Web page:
GetDebtFree work with regulated partners to provide the most appropriate solutions availible. Our partners may discuss the following with you as possible ways to tackle your debt:

Debt Management

A Debt Management Plan is an agreement between you and your creditors to pay all of your debts. Debt management plans are usually used when either: 1. you can only afford to pay creditors a small amount each month
you have debt problems but will be able to make repayments in a few months You can arrange a plan with your creditors yourself or through a a licensed debt management company for a fee. If you arrange this with a company: 1. you make regular payments to the company
2. the company shares the money out between your creditors The Money Advice Service has information on organisations that cangive you free advice about whether a Debt Management Plan is right for you. Get a Debt Management Plan 1. Set up a plan with a debt management company authorised by the Financial Conduct Authority (FCA). Find an authorised company.
2. The company works out your monthly payments. You’ll have to give details about your financial situation, eg your assets, debts, income and creditors.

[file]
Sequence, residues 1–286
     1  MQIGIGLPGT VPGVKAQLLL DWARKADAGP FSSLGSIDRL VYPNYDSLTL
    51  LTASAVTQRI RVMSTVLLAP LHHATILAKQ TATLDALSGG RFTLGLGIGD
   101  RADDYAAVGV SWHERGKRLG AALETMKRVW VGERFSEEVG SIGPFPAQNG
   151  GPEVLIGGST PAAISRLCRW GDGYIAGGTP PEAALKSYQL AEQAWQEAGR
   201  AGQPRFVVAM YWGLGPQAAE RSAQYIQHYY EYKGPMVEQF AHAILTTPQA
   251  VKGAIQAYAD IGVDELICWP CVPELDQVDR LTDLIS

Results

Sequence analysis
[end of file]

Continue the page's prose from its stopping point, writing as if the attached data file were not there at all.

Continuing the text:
3. The company contacts your creditors and asks them to agree to the plan (they don’t have to). Unless stated in the agreement, your creditors can still: 1. ask you to pay your full debt at a later date
2. take action to recover their money even if you keep up your payments Costs Some companies will charge: 1. a set up fee
a handling fee each time you make a payment Make sure you understand the costs of your plan and how you pay for it. Eligibility Debt Management Plans can only be used to pay ‘unsecured’ debts, eg debts that haven’t been guaranteed against your property. Your responsibilities Your plan can be cancelled if you don’t keep up your repayments.


If you have a debt problem, one of your options for sorting it out might be bankruptcy. You can apply for bankruptcy if you can’t pay back your debts. As well as applying for bankruptcy yourself, someone else you owe money to (a creditor) can apply to make you bankrupt, even if you don’t want them to. For a creditor to make you bankrupt, you must owe at least £5,000. Remember, bankruptcy might not be your only option and it might not be the best one for you. One of your other options might be a debt relief order. You could be able to apply for a debt relief order if you have debts, income and property below a certain amount. This is a cheaper alternative to bankruptcy. Advantages of going bankrupt When the bankruptcy order is over you can make a fresh start - in many cases this can be after a year. Other advantages of going bankrupt include:

1. The pressure is taken off you because you don’t have to deal with your creditors
2. You're allowed to keep certain things, like household goods and a reasonable amount to live on
3. Creditors have to stop most types of court action to get their money back following a bankruptcy order